Perhaps the most disturbing story to unfold this past weekend was somehow not President Donald Trump at the G7 Summit, but rather a cataclysmic collision of seemingly every viral internet trope: This absolutely cursed recipe video for something called, “Deep Fried BBQ Chicken Stuffed Pizzadilla.”
Here it is, in all its unholy glory:
This is fucked up! Not least because it is a genuinely disgusting recipe (more on that later) that also seems potentially dangerous to anyone with high blood pressure (or really any heart-related condition), but also because it’s so clearly a troll (that we all watched and hated anyway).
The recipe and its accompanying video appears to actually be from earlier this month, published on the very appropriately titled UK food site Twisted Food (lol). But the video, which recasts the old adage “it must been seen to be believed” as a chilling warning, seemingly first went semi-viral in an Aug. 22 tweet from someone who goes by khaltkom:
Indeed, I also want to know WHY?????
From there, the video found its way to the Twitter feed of journalist Yashar Ali, whose tweet sent the clip and its depravity into the viral stratosphere:
This led to People magazine’s food editor, Shay Spence, to try his hand at cooking the recipe himself, which he dutifully documented on Twitter and Instagram (what’s bad for your mouth could be good for your brand!), from shopping trip to gagging fit:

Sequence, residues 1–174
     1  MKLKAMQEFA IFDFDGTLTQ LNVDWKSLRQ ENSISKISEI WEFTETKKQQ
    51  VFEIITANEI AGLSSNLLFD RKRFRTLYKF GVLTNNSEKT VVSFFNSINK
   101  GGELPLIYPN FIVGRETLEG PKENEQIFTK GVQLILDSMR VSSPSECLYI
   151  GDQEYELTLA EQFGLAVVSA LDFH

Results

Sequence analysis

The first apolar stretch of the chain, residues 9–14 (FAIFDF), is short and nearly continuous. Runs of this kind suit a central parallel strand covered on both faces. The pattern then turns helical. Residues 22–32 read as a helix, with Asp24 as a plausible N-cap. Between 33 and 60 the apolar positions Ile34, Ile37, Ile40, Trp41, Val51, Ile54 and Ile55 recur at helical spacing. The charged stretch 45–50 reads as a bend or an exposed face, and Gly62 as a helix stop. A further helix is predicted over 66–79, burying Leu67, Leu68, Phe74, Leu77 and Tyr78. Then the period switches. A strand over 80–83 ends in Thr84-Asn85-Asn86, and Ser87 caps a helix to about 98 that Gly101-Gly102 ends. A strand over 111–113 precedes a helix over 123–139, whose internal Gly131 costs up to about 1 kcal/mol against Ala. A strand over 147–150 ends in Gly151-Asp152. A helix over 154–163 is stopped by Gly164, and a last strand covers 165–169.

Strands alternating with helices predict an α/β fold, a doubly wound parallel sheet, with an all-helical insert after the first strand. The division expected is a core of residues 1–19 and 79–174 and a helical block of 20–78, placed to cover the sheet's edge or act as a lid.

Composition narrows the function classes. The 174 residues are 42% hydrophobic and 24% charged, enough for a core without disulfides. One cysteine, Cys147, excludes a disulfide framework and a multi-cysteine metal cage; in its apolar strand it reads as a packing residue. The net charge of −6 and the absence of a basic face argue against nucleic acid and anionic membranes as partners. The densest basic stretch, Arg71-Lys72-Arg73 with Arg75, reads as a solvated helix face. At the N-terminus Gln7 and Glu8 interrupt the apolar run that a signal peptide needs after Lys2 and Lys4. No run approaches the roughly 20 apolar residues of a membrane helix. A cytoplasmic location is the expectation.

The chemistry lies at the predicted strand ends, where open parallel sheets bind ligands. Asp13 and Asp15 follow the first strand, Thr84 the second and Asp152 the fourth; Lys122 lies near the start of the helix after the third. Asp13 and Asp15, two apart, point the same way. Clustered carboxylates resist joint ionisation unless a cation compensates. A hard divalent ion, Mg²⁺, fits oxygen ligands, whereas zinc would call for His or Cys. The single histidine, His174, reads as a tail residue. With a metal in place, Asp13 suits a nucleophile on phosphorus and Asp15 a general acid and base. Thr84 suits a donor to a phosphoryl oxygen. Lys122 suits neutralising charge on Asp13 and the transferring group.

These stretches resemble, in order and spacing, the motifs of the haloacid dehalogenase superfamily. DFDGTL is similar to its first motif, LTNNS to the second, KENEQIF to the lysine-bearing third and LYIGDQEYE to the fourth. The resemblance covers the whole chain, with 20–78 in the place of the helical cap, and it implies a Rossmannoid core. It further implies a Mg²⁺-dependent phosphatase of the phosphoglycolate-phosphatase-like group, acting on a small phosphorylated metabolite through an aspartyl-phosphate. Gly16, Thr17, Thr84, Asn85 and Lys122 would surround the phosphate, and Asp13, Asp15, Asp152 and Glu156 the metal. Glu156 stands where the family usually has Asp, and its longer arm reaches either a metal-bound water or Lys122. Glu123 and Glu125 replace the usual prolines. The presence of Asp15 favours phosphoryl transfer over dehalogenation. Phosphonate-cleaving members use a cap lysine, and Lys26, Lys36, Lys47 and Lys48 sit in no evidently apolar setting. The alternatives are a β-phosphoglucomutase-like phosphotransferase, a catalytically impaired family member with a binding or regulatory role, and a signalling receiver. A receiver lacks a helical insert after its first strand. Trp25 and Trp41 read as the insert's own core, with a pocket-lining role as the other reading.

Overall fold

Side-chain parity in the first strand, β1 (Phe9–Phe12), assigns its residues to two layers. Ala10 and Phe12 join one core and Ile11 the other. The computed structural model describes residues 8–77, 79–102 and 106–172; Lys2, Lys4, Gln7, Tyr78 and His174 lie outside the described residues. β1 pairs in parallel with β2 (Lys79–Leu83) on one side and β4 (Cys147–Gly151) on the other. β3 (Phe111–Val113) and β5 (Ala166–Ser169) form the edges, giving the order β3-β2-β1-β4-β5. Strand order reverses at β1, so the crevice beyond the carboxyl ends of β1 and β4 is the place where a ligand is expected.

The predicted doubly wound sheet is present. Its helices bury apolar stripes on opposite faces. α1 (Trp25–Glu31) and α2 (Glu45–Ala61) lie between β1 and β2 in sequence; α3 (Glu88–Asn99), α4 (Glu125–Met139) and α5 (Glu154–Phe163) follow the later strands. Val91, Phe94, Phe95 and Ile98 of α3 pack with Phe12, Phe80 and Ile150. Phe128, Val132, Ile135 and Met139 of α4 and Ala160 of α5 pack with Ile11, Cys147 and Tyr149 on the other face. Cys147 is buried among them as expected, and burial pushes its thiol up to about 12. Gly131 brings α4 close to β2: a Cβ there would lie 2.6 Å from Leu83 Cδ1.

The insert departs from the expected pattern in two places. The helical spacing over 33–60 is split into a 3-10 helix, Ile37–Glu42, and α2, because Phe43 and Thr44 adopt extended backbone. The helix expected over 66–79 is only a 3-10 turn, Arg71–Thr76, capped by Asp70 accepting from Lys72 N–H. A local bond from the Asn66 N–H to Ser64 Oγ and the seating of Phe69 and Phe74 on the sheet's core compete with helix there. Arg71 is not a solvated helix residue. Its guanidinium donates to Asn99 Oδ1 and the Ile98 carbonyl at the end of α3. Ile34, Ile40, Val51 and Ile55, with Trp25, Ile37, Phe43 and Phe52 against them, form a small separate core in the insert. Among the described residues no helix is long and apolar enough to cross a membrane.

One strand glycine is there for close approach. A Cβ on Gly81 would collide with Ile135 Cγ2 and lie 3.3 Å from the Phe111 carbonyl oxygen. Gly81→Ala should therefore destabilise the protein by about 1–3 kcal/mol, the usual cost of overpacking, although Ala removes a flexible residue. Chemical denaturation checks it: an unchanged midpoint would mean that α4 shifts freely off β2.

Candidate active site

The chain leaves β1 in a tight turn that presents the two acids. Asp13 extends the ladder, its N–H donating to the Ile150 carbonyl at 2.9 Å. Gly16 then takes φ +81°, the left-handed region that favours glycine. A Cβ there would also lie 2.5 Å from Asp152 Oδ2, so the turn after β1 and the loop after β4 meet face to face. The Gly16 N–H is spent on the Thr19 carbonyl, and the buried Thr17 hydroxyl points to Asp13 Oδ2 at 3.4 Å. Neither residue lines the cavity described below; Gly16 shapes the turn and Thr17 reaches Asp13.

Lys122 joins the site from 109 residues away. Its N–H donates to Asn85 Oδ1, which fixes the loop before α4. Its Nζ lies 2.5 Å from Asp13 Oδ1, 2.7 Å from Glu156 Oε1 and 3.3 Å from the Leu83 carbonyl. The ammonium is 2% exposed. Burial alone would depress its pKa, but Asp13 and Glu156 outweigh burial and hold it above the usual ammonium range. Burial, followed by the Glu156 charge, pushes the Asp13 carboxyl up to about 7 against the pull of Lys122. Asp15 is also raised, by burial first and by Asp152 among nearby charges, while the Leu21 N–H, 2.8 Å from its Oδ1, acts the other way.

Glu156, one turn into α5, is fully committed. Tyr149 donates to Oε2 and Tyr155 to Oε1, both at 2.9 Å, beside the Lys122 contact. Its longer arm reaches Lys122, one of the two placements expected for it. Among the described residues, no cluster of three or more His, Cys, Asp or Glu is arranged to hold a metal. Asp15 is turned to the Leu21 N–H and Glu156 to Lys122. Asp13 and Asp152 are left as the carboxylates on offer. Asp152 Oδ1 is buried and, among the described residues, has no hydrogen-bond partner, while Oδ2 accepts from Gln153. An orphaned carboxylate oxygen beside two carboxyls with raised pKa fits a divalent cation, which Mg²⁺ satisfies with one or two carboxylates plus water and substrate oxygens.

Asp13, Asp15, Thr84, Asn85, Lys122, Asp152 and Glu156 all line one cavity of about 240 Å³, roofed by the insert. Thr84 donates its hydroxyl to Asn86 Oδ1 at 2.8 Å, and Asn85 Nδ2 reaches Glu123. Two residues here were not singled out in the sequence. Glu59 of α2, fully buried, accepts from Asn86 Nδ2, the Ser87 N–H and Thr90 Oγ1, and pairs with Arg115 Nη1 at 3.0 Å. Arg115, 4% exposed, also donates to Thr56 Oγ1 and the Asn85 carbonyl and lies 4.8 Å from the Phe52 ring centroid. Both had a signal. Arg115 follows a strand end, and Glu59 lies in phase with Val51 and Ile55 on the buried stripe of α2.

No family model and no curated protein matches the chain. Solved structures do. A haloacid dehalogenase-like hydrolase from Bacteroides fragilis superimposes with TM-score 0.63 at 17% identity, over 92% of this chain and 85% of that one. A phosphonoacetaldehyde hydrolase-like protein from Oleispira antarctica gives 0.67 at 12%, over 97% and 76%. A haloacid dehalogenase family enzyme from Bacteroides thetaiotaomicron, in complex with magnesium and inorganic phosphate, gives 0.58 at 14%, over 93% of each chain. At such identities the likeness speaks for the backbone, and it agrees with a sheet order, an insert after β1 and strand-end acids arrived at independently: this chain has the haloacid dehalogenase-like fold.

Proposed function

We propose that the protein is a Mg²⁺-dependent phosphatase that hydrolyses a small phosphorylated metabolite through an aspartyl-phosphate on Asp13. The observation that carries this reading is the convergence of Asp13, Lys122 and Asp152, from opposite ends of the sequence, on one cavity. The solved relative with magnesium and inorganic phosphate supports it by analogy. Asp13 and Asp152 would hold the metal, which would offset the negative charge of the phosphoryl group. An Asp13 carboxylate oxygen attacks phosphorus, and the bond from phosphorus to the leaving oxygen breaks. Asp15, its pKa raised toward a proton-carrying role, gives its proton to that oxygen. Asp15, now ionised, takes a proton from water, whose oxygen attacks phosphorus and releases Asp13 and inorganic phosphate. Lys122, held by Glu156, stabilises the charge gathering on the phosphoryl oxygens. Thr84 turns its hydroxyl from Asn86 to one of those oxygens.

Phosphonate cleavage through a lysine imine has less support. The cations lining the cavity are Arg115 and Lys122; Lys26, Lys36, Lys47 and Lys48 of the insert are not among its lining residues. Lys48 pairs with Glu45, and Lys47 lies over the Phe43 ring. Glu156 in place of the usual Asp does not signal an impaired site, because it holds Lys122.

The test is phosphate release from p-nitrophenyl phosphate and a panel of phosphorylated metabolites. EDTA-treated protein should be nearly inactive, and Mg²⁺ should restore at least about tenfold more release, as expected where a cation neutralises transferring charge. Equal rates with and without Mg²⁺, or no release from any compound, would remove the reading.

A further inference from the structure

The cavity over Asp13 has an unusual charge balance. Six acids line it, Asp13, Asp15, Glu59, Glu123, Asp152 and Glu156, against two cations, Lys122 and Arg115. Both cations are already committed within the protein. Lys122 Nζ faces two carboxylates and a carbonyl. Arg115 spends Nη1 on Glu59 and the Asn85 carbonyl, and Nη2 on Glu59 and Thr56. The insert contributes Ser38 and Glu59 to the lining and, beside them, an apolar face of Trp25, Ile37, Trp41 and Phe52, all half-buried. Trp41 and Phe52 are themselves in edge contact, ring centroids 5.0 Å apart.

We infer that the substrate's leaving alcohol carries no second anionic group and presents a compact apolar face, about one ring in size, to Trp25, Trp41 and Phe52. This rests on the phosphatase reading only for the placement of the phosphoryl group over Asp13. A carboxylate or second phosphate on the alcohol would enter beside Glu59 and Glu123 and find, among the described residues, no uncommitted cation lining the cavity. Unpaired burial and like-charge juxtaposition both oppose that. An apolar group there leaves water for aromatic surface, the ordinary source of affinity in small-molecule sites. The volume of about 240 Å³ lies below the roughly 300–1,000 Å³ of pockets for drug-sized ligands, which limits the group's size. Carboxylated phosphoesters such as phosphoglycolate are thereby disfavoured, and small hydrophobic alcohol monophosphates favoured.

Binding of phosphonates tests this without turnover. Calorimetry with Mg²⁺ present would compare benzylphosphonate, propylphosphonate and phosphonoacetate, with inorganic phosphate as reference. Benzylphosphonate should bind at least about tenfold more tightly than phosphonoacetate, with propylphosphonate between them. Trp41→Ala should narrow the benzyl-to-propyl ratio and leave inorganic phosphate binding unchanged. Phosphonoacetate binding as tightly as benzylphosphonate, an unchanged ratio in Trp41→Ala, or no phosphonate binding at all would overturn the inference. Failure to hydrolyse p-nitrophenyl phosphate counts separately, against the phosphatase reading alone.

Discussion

We’ve reached a sort of escape velocity in a few respects when it comes to the insanely popular (and I’m sure lucrative) genre of recipe videos. We have BuzzFeed’s Tasty to thank (and blame) for pioneering the instantly recognizable technique: camera overhead, disembodied hands, a succession of quick cuts set to an upbeat track that probably came pre-loaded into the editing software used to put it together. You can watch a set of hands make an entire meal in about 90 seconds—crucially, for both their commercial success and watchability, you don’t need any sound at all to understand them and they’re almost always short enough to fit in a Instagram grid post or a tweet. The beats are basically always the same: you see the finished product; you see the ingredients; you see how the ingredients should be combined, usually with accompanying text to note timing for baking, setting, etc.; you see the finished product being served. They are very satisfying to watch and you can watch them seemingly in perpetuity to achieve an unending chain of dopamine rushes (see: me and Bon Appétit’s entire YouTube channel).
These Foul Food Films—a term I literally just made up for something that probably already has a better, non-alliterative name—are like cheap horror films, subverting the journey to epicurean delight into a garish nightmare that manipulates the usual, well-known “story” beats of recipe videos, cranking up the terror with each perfectly timed plot twist. Each successive transformation of this dish, each time you think it’s surely about to end, you get a fake-out, and it somehow keeps going (“We’re putting the chicken...in the tortilla?”; “Oh we’re baking it”; “Now we’re making ranch?”; “Why are we cutting it up?”; “Why are we frying it??”; “Wait, now it’s a PIZZA????”; “Now we GRILL IT?????????????”).
This is entirely the point of them, to me—to gross you out, to tell people how grossed out you were and to have them watch it themselves to see just how gross it is. Get those views (and the pre- and mid-roll ads at the higher prices you can command for them)! It works! Here I am! I eagerly await to see how this transparent manipulation of the attention economy is mutated once more.